Local Authorities across the country have been asked by DEFRA to help raise awareness of the threat that posed at the moment by African Swine Fever (ASF).
ASF has been spreading in Eastern Europe since 2014 and new cases have been reported as far west as Belgium. Although the disease does not affect humans and there is no food safety risk associated with meat, ASF is a highly contagious and usually fatal viral disease of pigs. The ASF virus can survive months to years in smoked, dried, cured and frozen meat and meat products from infected pork or wild boar.
The disease can be spread on clothing, boots and vehicles and improperly discarded imported pork products. In order to reduce the risk of introducing this disease, it is important not to bring back pork or wild boar meat and meat products to the UK. If such products are brought back it is important that they are disposed of correctly in sealed bins, and never left in open bins or discarded from vehicles.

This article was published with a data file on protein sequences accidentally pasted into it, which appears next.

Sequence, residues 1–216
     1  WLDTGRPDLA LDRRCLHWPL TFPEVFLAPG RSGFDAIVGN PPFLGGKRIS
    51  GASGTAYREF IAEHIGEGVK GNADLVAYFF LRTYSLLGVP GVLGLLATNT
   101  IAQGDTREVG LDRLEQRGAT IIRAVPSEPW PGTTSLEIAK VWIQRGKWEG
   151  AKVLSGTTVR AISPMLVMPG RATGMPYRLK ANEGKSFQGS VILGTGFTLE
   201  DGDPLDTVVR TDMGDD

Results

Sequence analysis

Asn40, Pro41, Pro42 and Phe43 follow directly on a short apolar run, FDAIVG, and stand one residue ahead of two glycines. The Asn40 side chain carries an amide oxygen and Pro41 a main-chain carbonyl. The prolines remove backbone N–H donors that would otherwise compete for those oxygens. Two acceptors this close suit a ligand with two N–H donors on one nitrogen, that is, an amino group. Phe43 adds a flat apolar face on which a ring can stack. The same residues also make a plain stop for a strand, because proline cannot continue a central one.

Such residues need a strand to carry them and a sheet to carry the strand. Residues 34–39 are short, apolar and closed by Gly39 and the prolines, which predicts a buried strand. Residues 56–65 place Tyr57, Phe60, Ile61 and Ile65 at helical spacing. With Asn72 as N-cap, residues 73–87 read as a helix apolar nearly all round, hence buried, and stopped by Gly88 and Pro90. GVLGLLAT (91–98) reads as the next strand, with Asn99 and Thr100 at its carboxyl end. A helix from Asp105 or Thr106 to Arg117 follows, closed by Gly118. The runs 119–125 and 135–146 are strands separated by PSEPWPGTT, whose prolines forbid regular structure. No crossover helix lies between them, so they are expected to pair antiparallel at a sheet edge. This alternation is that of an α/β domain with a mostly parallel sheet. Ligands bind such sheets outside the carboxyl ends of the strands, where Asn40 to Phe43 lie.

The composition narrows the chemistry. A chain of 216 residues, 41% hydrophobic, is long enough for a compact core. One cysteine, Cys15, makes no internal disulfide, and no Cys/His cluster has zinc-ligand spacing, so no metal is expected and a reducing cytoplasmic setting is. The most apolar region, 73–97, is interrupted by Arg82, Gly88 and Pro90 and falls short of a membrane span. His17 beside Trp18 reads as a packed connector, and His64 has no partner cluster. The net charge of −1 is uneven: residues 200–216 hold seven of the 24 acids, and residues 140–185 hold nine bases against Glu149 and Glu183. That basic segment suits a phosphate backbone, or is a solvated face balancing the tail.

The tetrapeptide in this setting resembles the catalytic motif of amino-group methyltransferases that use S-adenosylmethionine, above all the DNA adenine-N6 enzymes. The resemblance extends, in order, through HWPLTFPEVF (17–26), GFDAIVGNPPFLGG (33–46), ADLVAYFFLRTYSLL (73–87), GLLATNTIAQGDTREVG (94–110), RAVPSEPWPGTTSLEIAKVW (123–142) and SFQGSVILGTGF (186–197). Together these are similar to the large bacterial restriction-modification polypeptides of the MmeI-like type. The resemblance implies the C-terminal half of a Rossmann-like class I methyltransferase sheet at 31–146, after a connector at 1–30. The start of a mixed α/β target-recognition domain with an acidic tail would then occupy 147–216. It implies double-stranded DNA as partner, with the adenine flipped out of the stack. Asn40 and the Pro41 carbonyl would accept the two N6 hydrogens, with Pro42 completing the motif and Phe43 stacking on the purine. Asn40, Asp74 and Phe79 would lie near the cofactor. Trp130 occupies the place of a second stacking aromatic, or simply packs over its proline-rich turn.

The main clinical signs of ASF are: fever, loss of appetite, lack of energy, sudden death with few signs beforehand. Other signs can include: vomiting, diarrhoea, red or dark skin, particularly on the ears and snout, discharges from the eyes and nose, laboured breathing and coughing, abortions, weakness and unsteady gait.
African swine fever is a notifiable animal disease. If you suspect it you must report it immediately by calling the Defra Rural Services Helpline on 03000 200 301.